Couple capture missing hawk in Errington

Female Harris hawk nabbed by pair of intrepid women

Kevin Letts of PK Bird Control Services

Kevin Letts of PK Bird Control Services

A large bird of prey flying by the window and perching on a fence in the yard was something Dawn Doak and Glena Stark felt they should be paying attention to.

Doak was cleaning for her client, 79-year-old Stark recently, when they spotted what turned out to be a Harris hawk. It had a leather strap attached to one leg and they knew it must belong to someone. So, being brave souls, gathered a cat carrier, towel, leather gloves and a little raw hamburger. Their intention was to capture it safely. So, as Doak fed the hawk, Stark crept up behind it, covered it with the towel and placed it inside the cat carrier.

“It certainly was used to humans,” said Doak Thursday. “It just reached out with its foot and grabbed my fingers to get at the food.”

After taking the hawk to the North Island Wildlife Recovery Centre in Errington, Doak said they found out it belonged to an area falconer — Kevin Letts, who owns PK Bird Control Services.

Even more, they were told that the hawk, named Magnolia, has been missing 18 days.

“Honestly, after searching for her for three days, in the condition she was in, I thought that she didn’t make it,” said Letts.

He had been training Magnolia alongside her boyfriend Manute, another Harris hawk, at the Church Road transfer station near Parksville. Letts’ business used hawks to frighten off crows and seagulls from landfill sites, buildings and more.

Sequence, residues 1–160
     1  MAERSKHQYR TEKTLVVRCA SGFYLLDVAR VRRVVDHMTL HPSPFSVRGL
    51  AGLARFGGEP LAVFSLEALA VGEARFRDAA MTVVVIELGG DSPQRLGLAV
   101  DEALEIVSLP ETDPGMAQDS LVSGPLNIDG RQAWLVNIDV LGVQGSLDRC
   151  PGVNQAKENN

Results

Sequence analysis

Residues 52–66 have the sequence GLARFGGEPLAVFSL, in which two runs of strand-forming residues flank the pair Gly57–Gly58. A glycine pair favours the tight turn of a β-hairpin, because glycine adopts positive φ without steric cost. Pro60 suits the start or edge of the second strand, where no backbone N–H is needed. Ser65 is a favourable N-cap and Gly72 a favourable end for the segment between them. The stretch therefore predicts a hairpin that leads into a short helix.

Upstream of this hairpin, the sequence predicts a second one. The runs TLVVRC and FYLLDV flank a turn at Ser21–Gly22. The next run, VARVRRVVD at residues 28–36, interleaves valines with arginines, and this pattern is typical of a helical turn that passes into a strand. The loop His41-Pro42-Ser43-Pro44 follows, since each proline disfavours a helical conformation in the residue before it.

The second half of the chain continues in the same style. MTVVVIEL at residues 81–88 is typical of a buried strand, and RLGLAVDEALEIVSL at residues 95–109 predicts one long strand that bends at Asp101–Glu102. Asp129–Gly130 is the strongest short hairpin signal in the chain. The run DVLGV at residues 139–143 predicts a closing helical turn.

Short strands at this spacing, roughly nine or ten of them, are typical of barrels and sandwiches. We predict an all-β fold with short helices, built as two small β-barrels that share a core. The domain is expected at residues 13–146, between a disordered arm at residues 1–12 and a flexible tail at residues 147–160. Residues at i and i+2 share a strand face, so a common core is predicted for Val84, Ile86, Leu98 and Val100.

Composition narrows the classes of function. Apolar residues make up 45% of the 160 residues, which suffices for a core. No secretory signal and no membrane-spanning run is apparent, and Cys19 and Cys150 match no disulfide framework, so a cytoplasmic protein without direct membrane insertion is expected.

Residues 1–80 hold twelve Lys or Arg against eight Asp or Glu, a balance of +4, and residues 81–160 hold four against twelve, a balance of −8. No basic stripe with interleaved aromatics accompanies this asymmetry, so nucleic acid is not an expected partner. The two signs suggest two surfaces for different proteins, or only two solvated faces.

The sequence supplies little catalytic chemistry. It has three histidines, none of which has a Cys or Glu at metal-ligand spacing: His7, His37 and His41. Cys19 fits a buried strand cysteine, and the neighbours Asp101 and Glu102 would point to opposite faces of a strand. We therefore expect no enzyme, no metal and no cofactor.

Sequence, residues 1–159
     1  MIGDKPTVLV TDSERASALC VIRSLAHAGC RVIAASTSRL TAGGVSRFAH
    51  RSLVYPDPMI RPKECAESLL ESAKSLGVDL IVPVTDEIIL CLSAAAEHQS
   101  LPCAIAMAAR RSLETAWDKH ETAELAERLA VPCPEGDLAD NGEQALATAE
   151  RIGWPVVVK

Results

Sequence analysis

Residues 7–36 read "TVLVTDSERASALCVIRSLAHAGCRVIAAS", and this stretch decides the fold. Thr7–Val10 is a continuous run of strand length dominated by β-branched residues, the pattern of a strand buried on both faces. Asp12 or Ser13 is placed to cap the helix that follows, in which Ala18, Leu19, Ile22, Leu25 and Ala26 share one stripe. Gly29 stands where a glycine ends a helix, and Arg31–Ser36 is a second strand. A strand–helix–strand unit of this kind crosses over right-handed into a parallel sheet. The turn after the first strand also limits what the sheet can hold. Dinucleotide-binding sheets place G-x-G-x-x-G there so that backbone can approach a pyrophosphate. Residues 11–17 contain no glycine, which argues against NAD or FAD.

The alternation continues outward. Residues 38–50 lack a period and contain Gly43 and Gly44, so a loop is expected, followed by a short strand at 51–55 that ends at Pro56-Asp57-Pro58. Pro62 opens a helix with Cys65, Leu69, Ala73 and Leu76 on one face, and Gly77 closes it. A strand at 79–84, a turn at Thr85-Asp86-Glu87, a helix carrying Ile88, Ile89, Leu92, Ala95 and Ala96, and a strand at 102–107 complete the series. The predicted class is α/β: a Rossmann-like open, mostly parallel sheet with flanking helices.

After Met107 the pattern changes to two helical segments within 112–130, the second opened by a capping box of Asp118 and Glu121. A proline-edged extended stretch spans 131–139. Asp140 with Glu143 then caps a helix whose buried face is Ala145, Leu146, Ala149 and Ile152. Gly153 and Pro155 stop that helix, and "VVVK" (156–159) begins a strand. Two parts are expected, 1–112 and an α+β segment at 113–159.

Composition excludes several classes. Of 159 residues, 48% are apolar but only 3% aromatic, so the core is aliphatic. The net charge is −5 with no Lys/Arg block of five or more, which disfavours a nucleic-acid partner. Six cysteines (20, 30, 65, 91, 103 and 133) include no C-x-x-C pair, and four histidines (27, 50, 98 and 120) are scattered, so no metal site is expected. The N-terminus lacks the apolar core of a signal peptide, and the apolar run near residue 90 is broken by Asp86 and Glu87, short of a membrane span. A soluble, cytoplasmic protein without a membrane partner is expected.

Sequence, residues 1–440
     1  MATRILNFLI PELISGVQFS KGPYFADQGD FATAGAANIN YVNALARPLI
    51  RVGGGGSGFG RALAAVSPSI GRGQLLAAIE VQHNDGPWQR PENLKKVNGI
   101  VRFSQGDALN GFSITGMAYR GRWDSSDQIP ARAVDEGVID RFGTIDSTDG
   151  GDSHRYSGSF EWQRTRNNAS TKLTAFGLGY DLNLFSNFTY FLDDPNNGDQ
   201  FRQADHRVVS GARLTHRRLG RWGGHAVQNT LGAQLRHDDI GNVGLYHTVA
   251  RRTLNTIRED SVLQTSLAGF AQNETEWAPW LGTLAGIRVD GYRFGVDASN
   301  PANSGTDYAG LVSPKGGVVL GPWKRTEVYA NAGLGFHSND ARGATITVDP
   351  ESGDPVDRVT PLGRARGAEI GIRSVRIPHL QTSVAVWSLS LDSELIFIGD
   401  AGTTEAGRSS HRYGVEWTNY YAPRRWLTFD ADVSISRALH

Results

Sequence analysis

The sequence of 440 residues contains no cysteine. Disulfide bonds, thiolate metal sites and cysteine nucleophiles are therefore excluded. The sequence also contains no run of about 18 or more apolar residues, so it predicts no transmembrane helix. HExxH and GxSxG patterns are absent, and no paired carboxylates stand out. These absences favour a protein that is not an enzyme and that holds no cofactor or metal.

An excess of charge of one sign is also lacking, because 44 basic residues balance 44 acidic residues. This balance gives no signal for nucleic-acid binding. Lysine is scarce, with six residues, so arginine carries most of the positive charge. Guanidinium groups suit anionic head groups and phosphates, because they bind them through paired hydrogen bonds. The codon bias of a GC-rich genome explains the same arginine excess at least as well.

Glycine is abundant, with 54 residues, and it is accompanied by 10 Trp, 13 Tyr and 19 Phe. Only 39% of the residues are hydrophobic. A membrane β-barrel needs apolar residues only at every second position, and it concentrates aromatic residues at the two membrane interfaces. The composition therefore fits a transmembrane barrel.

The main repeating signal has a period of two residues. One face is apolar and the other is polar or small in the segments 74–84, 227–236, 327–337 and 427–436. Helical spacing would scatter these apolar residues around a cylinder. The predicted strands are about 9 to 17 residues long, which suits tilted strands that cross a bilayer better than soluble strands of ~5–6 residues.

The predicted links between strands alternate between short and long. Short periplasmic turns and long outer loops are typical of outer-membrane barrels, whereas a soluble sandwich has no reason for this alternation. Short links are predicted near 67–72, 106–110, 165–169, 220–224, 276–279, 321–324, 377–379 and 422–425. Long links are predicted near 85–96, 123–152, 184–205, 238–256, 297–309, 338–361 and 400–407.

A simple letting down of his guard for a moment and Magnolia — who hadn’t been flying for years while with another owner — took off.

“She is old and angry,” Letts said about his latest hawk. “I was just about to leash her and she escaped.”

He had had her only three or four days. And with the recent weather and other predatory birds in the area, he wasn’t sure that Magnolia would make it.

That’s when he got a call from the wildlife centre. He quickly identified Magnolia and they were reunited this week. Letts and Doak met up with The News at the transfer station, where the hawks were put through some of their paces.

Letts learned the craft from his mentor, a 40-plus year veteran of the field. The Harris hawk, Letts continued, is a common falconry bird, as they take to the training quite well.

“They are very social. They love being part of the party,” he said.

The hawks are trained to be carried and transported via leather glove on the trainer. They are taught to respond to food, keeping them coming back to their owners.

The presence of the birds of prey alone (Letts said they rarely kill other birds) keeps other birds — like crows and gulls away from places like landfill sites. Letts said he’s up at the Church Road facility each week and has seen a significant reduction in crows there.

Since each bird is an investment in time and money, Letts was very happy that someone found Magnolia and had the wherewithal to catch her and return her safely.

“It is rare to find a lost bird,” he said. “But they do know how to survive. They are tough animals.”

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